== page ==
A Mal­tese mas­ter­piece within the the­o­log­i­cal field

The Malta Independent on Sunday - - LETTERS -

Last month, Rev. Prof. Salvino Caru­ana OSA, launched his much-awaited book on Martin Luther “Jien s’hawn nista’”, Mart­inu Luteru: Ri­forma jew ri­forma? – at the Au­gus­tinian In­sti­tute in Pi­età.

The de­ci­sion to put pen to pa­per and write a book about the Ger­man Au­gus­tinian monk Martin Luther (1483 – 1546), as the 500th an­niver­sary of his Re­form is cel­e­brated, runs the great risk of at­tract­ing too much at­ten­tion... and crit­i­cism. The writer also faces the corol­lary prob­lem of hav­ing too much to di­gest prop­erly. The other risk is of hav­ing the work judged ac­cord­ing to ex­tremely dif­fer­ent forms of ap­pre­ci­a­tion, and fine crit­i­cism.

Fr Caru­ana, an Au­gus­tinian monk, in a few pre­lim­i­nary chap­ters, pro­vides the reader with a snap­shot of how Luther’s world looked like, namely, Europe, the Catholic Church, and the Men­di­cant Order of the Fri­ars of Saint Au­gus­tine, in the 15th and 16th cen­turies. Af­ter com­pos­ing a bi­og­ra­phy of Martin Luther, Fr Caru­ana pro­vides three chap­ters in which he gives a de­tailed out­line of the Re­form, the Counter-Re­for­ma­tion, and the Coun­cil of Trent. In four ap­pen­dices, the au­thor de­scribes, and dis­cusses, the ma­jor polemic re­gard­ing Martin Luther’s 95 Th­e­ses, the re­la­tions be­tween Luther and the Jews, Luther and the An­abap­tists: a re­form within the Re­form, and, fi­nally, a chap­ter on the re­la­tions be­tween Luther and the Turks. Fol­low­ing in the foot­steps of Au­gus­tine of Hippo’s writ­ings, Fr Caru­ana also com­posed a Re­trac­ta­tio.

There is no doubt that Martin Luther is one of the very few in the his­tory of Chris­tian­ity, in the re­li­gious pol­i­tics of his Father­land, Ger­many, and in the his­tory of Europe, about whom so much has been writ­ten. In other words, one must be fully aware that one is deal­ing with a his­tor­i­cal fig­ure of im­mense im­por­tance and stature, who, in 1542, de­clared him­self the most pop­u­lar per­son “in heaven, on earth, but also in hell”.

Very soon af­ter 1515, Luther be­gan to be seen as the saviour of the Ger­man peo­ple, free­ing them from the slav­ery of Rome and the pa­pacy. Luther, in fact, was the one who fi­nally freed the con­science from the slav­ery and fear of eter­nal damna­tion, even while here on earth. There is, un­doubt­edly, still a lot to be cleared con­cern­ing Martin Luther’s own at­ti­tudes in the light of the neg­a­tive mood and the apoc­a­lyp­tic ten­den­cies he har­boured to­wards the end of his own life, which he preached and taught. The Ger­man Re­former’s points of view are also to be mea­sured against those of some of his con­tem­po­raries, namely, Eras­mus of Rot­ter­dam, and a few oth­ers, who too had the same prob­lems, but re­mained, more or less, faith­ful to the Catholic Church.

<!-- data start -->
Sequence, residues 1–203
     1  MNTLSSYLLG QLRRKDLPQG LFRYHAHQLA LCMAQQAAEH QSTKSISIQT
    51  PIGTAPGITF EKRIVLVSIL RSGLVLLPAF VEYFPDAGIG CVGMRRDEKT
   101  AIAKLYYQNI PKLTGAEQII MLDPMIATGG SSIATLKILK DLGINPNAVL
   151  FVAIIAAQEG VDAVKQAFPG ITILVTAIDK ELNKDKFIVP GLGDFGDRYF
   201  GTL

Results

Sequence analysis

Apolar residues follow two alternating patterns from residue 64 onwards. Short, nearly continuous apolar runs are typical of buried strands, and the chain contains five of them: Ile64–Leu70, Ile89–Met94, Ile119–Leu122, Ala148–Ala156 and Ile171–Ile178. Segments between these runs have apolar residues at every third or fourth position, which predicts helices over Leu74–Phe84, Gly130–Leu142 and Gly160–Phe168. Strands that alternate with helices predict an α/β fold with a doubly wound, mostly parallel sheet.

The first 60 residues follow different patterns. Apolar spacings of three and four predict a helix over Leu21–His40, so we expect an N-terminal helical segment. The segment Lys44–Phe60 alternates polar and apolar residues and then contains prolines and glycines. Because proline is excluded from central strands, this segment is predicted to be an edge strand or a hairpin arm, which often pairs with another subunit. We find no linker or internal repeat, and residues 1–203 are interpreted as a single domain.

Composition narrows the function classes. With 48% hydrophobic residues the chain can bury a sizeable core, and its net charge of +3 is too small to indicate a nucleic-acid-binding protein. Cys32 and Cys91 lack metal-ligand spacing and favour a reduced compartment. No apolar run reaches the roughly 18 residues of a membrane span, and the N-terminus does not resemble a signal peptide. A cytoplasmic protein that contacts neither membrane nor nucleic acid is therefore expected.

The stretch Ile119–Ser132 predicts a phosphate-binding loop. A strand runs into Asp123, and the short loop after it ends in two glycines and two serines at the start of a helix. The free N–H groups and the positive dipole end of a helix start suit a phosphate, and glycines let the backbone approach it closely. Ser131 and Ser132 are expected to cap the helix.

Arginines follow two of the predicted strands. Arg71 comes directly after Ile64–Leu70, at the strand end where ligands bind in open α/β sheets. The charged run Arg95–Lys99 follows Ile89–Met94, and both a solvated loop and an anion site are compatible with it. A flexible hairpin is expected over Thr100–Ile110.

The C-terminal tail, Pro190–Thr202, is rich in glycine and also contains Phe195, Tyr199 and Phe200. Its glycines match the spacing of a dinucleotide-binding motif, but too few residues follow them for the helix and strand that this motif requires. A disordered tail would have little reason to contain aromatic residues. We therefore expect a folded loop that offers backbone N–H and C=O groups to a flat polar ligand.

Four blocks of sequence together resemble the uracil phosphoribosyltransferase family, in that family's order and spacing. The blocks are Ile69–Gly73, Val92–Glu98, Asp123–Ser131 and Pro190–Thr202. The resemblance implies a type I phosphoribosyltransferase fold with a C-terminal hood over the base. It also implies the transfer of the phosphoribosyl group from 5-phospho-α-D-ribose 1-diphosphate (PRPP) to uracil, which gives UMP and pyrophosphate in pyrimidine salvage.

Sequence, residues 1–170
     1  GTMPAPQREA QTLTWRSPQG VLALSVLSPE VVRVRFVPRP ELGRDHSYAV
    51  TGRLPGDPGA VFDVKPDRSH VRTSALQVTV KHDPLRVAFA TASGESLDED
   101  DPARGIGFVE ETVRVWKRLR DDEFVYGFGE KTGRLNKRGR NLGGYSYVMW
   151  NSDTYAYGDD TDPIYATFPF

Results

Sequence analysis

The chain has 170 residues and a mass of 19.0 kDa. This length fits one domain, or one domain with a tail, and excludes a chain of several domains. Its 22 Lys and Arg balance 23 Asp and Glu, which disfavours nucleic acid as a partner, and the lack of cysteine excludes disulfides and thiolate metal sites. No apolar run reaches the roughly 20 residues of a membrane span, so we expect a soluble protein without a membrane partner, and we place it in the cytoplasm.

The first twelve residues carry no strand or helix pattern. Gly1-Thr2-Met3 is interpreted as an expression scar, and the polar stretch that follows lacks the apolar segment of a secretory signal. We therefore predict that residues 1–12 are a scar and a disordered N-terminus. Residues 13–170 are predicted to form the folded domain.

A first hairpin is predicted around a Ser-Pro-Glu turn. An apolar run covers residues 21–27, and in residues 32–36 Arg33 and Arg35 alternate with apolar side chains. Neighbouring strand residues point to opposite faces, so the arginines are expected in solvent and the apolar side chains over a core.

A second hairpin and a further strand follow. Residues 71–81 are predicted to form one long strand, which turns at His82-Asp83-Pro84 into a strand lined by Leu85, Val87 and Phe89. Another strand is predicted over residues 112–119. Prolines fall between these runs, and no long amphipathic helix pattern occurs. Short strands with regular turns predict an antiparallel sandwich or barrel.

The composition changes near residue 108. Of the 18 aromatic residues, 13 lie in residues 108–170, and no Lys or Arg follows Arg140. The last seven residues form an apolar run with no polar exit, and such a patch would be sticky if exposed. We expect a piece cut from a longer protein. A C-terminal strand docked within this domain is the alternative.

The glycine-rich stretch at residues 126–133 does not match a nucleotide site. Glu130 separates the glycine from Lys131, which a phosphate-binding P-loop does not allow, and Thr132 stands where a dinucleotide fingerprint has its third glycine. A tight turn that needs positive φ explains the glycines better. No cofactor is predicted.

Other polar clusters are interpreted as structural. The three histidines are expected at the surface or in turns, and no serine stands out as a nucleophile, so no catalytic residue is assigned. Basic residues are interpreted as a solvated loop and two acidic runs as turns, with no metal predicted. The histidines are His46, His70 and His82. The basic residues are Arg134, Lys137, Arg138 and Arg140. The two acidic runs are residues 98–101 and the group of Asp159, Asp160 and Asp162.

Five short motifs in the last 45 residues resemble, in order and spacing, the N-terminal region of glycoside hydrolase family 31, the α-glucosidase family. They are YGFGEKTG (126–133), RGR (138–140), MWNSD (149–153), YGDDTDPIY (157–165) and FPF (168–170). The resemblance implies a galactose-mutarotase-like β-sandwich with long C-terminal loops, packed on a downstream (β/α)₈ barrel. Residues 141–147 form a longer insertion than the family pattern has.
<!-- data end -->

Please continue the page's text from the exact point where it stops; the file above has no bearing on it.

Pro­fes­sor Caru­ana wrote that even dur­ing Luther’s own life­time, some con­sid­ered him a great per­son­al­ity, holy, sent by God to bet­ter and purge the life of many mem­bers of the hi­er­ar­chy of the Catholic Church, be­gin­ning with the pa­pacy it­self. Oth­ers con­sid­ered him to have been sent by Satan him­self to chas­tise and de­stroy the Catholic Church. With re­gard to some traits of his char­ac­ter there have also been im­mensely widely vary­ing opin­ions. Some wrote about his af­fa­bil­ity, kind­heart­ed­ness, cheer­ful, while oth­ers wrote about his ar­ro­gance, shame­less­ness, a glut­ton and very rude. A say­ing in Mal­tese runs: “As haughty as Luther!” Where lies the truth about Martin Luther?

In an ex­tremely well doc­u­mented con­clu­sion, Prof. Caru­ana ar­gues that in writ­ing on this topic, one ought to keep well in fo­cus the fact that to­day the ma­jor­ity of Protes­tants ac­knowl­edge that Luther com­mit­ted a num­ber of mis­takes, whereas Catholics ought to ac- knowl­edge the fact that the Catholic hi­er­ar­chy too grossly mis­in­ter­preted and mis­judged the Re­former for cen­turies.

In his ap­pre­ci­a­tion of this vol­ume, “Jien s’hawn nista’”, Mart­inu Luteru: Ri­forma jew ri­forma? Mgr Prof. Hec­tor Scerri de­scribed Fr Caru­ana’s work as “mas­ter­piece” since the lat­ter “to de­picts the re­former in an ob­jec­tive man­ner, namely a per­spec­tive which puts events and their im­pli­ca­tions in a much wider and truer pic­ture. He re­frains from fol­low­ing the former black-and-white schemes of ‘us’ and ‘them’, pre­ced­ing the era of au­then­tic ec­u­meni­cal di­a­logue and re­la­tions”.

Why not con­sider grab­bing a copy of this in­trigu­ing vol­ume? Fr Mario At­tard OFM Cap

Martin Luther

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